| The Blob



The Blob

The Blob

Irvin S. Yeaworth Jr.

USA, 1958


Review by Thomas Scalzo

Posted on 11 July 2004

Source The Criterion Collection DVD

Beware of the Blob! Viewing this seminal classic nearly fifty years after its initial release, one may be inclined to imagine that it might well have lost some of its luster. Surely the special effects will have aged poorly; surely the ludicrous plot of a red, oozing protagonist will have grown stale and boring in this age of inventively psychopathic killers and technologically enhanced nemeses. But not so: The Blob endures as one of the most perfect horror films ever created, a timeless example of how to tell a entertaining story.

The key, of course, is simplicity. Whereas innumerable horror films of past and present exude unnecessary energy and time crafting needlessly complicated plots and ridiculously elaborate killers, The Blob sticks with the basics; rowdy teenagers, an adult population that does not believe a word of what those teenagers say, and an antagonistic force to be reckoned with that is purely and simply evil.

To my mind, The Blob is the most perfect of all horror movie adversaries: not a man, not a monster, just a glob of goo. It is nameless, faceless, personality-less, and, seemingly, motivation-less, merely content to consume everything and everyone in its path for all eternity. This makes it at once terrifying and unstoppable, yet humorous and presumably easy to avoid. Of course, if everyone managed to escape, it wouldn’t make for much of a movie.

The story begins when a meteor crash-lands in a forest near a small town, prompting a curious old man to take up his lantern and do some investigating. Finding a steaming rock, he pokes it with a stick whereupon it splits open and reveals a glob of black goo that affixes itself to his hand. The old man understandably freaks out. By the time a romantically thwarted youngster named Steve (Steve McQueen in his breakout role) finds him, the old man is half-crazed. The quick thinking Steve heads over to Doc Hallen’s and the good doctor agrees to take a look at the patient. The Blob’s reign of terror has begun.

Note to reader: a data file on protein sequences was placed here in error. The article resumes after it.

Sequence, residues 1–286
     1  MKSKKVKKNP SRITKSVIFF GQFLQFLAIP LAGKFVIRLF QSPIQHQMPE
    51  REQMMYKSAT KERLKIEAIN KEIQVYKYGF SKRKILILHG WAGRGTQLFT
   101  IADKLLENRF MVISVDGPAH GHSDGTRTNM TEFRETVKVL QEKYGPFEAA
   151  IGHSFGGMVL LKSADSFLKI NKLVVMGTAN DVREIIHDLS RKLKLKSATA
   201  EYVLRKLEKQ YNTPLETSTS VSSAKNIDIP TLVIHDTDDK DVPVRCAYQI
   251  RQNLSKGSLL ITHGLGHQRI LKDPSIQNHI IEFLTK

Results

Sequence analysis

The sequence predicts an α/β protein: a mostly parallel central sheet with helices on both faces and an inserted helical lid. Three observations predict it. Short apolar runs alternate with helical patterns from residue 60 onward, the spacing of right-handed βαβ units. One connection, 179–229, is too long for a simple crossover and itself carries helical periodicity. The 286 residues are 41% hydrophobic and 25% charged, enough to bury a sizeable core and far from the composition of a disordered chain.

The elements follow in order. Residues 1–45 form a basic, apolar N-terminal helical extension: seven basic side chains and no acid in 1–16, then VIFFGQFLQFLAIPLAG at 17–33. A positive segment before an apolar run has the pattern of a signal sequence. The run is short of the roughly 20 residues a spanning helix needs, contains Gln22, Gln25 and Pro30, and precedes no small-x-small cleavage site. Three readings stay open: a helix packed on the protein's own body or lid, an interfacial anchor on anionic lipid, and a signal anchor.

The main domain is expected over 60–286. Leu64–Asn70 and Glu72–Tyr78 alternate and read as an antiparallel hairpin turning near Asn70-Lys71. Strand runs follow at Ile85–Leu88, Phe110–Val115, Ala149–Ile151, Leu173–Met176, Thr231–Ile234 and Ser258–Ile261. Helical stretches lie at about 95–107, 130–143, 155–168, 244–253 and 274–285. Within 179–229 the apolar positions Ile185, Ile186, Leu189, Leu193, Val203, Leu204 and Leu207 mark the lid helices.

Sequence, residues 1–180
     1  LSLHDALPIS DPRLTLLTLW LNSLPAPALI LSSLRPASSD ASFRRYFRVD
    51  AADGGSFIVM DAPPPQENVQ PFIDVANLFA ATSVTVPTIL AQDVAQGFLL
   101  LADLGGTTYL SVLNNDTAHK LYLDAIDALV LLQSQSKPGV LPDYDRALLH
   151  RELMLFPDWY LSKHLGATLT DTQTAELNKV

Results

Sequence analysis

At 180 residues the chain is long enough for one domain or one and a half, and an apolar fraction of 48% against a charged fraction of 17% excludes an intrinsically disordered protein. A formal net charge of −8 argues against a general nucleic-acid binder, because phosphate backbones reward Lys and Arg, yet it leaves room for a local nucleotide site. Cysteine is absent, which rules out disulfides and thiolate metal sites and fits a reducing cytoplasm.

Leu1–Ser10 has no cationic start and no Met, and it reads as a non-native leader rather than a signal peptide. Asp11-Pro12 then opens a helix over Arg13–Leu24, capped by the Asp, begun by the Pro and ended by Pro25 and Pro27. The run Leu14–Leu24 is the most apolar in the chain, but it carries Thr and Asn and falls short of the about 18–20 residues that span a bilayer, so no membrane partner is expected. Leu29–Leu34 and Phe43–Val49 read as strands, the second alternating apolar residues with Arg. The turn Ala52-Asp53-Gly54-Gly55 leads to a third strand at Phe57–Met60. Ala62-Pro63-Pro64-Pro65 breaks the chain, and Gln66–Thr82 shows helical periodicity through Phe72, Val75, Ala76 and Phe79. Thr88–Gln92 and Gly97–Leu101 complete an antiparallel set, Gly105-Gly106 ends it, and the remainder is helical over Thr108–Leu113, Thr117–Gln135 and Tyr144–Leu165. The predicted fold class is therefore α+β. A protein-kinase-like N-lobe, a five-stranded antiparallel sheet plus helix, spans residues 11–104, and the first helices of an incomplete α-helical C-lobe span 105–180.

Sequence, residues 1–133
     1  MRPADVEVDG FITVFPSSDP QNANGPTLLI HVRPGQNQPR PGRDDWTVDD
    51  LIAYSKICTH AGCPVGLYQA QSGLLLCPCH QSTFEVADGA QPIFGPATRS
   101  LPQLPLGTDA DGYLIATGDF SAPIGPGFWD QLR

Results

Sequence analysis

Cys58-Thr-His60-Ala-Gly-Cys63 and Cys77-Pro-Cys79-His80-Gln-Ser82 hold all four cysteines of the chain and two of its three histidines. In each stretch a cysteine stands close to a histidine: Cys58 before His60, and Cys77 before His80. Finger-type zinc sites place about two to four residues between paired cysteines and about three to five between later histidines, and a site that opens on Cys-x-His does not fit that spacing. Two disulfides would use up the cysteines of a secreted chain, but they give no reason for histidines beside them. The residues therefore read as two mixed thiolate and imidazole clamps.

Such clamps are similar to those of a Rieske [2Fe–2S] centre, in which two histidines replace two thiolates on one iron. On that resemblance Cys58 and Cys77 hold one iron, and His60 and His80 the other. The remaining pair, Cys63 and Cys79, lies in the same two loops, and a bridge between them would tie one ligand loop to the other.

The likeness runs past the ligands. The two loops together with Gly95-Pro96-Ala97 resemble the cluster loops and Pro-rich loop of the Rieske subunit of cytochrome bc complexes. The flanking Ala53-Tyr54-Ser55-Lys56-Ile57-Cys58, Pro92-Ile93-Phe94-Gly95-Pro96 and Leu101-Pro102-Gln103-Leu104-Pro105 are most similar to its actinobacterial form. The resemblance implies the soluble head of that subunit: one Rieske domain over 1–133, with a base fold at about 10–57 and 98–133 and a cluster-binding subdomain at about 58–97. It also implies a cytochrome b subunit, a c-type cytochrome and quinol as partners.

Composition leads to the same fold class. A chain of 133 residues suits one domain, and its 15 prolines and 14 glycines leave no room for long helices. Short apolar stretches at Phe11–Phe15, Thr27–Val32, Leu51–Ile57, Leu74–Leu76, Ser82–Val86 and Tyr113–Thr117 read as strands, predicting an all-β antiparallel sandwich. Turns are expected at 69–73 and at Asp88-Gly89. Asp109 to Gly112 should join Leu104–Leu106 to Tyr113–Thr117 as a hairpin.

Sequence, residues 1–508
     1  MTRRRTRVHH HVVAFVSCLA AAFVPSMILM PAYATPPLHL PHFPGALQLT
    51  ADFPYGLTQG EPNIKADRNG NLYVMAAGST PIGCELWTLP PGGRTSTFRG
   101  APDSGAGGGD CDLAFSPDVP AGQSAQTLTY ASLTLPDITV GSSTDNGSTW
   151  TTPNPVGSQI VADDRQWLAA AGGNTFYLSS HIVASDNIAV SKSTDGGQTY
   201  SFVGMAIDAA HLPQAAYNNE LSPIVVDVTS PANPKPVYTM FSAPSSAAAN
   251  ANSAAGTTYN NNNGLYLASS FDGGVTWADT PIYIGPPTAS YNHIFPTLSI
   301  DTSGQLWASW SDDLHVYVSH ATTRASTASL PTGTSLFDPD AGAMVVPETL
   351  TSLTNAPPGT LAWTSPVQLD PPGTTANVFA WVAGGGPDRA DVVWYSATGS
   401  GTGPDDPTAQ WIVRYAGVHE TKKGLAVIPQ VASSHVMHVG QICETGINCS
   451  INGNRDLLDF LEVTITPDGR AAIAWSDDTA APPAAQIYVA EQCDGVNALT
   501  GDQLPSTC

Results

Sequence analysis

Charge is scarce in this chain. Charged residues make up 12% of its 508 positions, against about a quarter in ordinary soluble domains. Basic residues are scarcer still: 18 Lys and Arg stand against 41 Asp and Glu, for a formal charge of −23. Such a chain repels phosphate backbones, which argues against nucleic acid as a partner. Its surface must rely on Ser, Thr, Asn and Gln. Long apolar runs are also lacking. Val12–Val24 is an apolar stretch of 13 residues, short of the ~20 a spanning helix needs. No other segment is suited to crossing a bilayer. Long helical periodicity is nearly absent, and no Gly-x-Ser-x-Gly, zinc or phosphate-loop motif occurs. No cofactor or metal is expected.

After feeding on and dispatching with the old man, the Blob turns blood-red and grows to a size capable of absorbing human beings whole. After ingesting an unfortunate nurse and the well-intentioned doctor, the Blob heads out on the town. Knowing something is terribly wrong, young Steve tries his best to convince everyone that there is a serious threat to their collective safety, a warning summarily ignored by any and all adult figures. Luckily, Steve’s fellow teenagers are easily convinced of the problem and together they manage to stir up enough commotion to convince the chief of police that he’d better do something — and quick.

Despite its rather simplistic special effects, The Blob does a marvelous job creating suspense because it relies on the time-tested technique of portraying people in immediate peril going about their lives assured of their safety. When Steve and his friends attempt to spread the word about the danger, they are laughed at, ignored, or accused of playing tricks. It isn’t until the sheriff of the town announces that there is, indeed, something to worry about, that a true sense of panic consumes the populace. By this time, of course, the Blob has expanded to catastrophic proportions and there is doubt whether it can ever be stopped. It is left to the resourceful Steve and the rest of the town’s mistrusted youth to come up with a way to put an end to the terror.

The Blob was and is the quintessential science fiction/horror movie. A believable, suspenseful, and straightforward story centered on the most innocuous of adversaries, the film paved the way for innumerable imitations (not to mention two sequels) and introduced the world to both Steve McQueen and Burt Bacharach (who co-scored the title theme). But over and above its value as an influential piece of cinematic history, The Blob endures as a timelessly entertaining and well-crafted story, as worthy of praise today as it was nearly five decades ago.

We don’t do comments anymore, but you may contact us here or find us on Twitter or Facebook.